Global Economics

Brussels Boosts Emergency Food Aid


As the announcement was made in parliament, the Greens called for a moratorium on biofuels, which many feel have helped drive up food prices

As the wave of strikes, protests and riots by millions of the world's poorest citizens in reaction to soaring food prices spreads around the globe, the European Commission is to offer a further ??117.25 million in emergency food aid in response to the impact of the increase in food prices on the world's most vulnerable people.

Making the announcement in the European Parliament, the commission's development chief, Louis Michel, said: "The rise in basic food prices is a worldwide humanitarian disaster in the making. Ongoing humanitarian food programmes are under enormous pressure with less food available for people already on the brink of starvation."

"Millions more, who were just about coping before, now risk going hungry," he added. "Addressing food price issue is a global challenge requiring long-term solutions but the emergency is now. We have an obligation to act??nd act quickly."

"All analysts say that the era of cheap food is over. We won't see food prices going back down to former levels," he said, pointing out that the aid package was only a partial solution, but not enough to deal with what he called a "structural problem."

He called for a global mobilisation, warning that the crisis threatened "destabilisation in many countries around the world."

What has precipitated the crisis remains unclear, although a number of analysts have described the situation as "a perfect storm" combining a wide range of factors.

The Greens in the parliament used the occasion to call for a moratorium on biofuels, which have in the last year gone from a welcome solution in the fight against climate change to one of the villains behind the food crisis, along with export restrictions, poor harvests, speculation in commodity markets and rising oil prices.

Meanwhile, development NGOs argue that the cracking open of third world agricultural markets is partly to blame, but Western trade officials argue that markets have not opened enough.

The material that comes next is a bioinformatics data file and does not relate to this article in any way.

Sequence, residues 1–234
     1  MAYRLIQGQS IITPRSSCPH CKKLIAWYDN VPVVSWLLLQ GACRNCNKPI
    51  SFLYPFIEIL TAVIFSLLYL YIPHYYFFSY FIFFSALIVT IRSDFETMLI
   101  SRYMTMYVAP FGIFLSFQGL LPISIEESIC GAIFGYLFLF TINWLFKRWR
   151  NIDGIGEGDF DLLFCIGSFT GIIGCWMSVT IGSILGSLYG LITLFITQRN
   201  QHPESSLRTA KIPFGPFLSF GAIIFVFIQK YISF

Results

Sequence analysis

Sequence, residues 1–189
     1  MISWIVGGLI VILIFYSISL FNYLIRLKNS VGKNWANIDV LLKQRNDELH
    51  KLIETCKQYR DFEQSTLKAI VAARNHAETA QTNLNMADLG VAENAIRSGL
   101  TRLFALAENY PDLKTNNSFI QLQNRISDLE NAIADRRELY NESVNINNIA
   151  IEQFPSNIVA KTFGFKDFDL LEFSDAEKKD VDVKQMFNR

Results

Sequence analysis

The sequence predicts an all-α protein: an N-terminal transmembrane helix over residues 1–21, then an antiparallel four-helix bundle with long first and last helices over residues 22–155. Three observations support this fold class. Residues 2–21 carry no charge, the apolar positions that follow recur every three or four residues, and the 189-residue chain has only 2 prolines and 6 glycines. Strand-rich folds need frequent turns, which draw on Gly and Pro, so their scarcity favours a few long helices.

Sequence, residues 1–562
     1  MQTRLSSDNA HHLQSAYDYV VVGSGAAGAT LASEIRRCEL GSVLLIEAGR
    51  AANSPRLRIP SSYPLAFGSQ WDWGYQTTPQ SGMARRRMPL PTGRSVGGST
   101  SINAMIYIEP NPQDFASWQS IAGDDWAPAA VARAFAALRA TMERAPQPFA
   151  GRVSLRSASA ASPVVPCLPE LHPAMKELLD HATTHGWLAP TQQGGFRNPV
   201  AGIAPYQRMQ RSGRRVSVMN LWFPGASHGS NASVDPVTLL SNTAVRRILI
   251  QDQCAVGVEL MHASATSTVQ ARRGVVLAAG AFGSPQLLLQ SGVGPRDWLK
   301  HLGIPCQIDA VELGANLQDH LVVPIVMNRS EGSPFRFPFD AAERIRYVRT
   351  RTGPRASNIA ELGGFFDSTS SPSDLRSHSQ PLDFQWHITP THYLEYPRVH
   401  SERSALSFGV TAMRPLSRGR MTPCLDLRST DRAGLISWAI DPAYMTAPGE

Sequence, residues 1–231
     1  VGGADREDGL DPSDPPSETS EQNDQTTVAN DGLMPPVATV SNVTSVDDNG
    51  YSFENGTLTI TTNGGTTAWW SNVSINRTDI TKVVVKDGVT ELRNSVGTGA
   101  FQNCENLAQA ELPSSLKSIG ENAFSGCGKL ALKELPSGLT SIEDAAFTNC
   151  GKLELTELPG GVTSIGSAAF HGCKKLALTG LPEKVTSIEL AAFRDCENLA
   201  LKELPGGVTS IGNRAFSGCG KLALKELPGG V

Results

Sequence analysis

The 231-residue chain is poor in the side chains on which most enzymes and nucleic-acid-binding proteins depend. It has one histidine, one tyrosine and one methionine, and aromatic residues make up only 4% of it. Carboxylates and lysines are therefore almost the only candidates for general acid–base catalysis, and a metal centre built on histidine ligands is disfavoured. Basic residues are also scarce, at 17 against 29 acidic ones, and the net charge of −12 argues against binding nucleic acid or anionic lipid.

Graham Watson, the leader of the Liberals in the parliament, pulled back from his group's previous robust support for European biofuels policy, while endorsing the view that the situation is complex.

"While it is true that bio-fuels increase demand for crops and displace food production the reasons for the recent food price rises are many and varied and so must be the international community's response," he said.

The free market came in for a beating from many MEPs, with repeated calls for increased regulation of speculators.

Leader of the Socialists, German MEP Martin Schultz blamed capitalism itself: "It is shocking that people are now speculating on increases in food prices. Banks are telling their clients to bet on soaring prices. The result is that there is now an incentive for speculators to create food shortages.

"Casino capitalism has taken a seat at the table of the poor. This is immorality carried to the extreme. This is why we need international controls on financial markets."

Commissioner Michel responded: "I'm not in love with capitalism. It's not the object of my affections, but a means to an end."

The latest humanitarian funding consists of ??57.25 million taken from the existing food aid budget run by the commission's humanitarian aid department, and a requested ??60 million in new money.

The commission has responded on a rolling basis as this crisis has developed. In the face of increasing needs, it committed ??160 million??ore than 70 percent of the available food aid funds??n a decision adopted in February. It has also fast-tracked the deployment of the rest of the budget with ??6 million included in a special package for Bangladesh announced on 10 April.

'Silent tsunami'

Tuesday's announcement, which raises the EU's total food aid budget so far in 2008 to ??283.25 million, comes as the head of the UN warned that the food crisis threatened global security.

Speaking to the United Nations Conference on Trade and Development (UNCTAD) conference in Accra, Ghana, on the same day, UN General-Secretary Ban Ki-moon said: "If not handled properly, this crisis could result in a cascade of others??and become a multidimensional problem affecting economic growth, social progress and even political security around the world."

At the same time as the UNCTAD conference, UK Prime Minister Gordon Brown was hosting his own emergency meeting of experts in London to discuss the problem, with representatives from the World Food Programme, the African Development Bank, the head of supermarket chain Sainsbury's, development NGO Oxfam, agrochemicals firm Syngenta, Cargill Grain Traders and the UK's agricultural trade association, the National Farmers' Union.

Mr Brown called for a boost in research into new crop varieties and reiterated that a key solution was the signing of a global trade agreement that would open up markets in the West to agricultural exports from the developing world.

Following the meeting, WFP chief Josette Sheeran said that the crisis was the greatest challenge her organisation had faced in its 45-year history.

She called food price rises: "a silent tsunami threatening to plunge more than 100 million people on every continent into hunger."'

"This is the new face of hunger??he millions of people who were not in the urgent hunger category six months ago but now are," she said in a statement.

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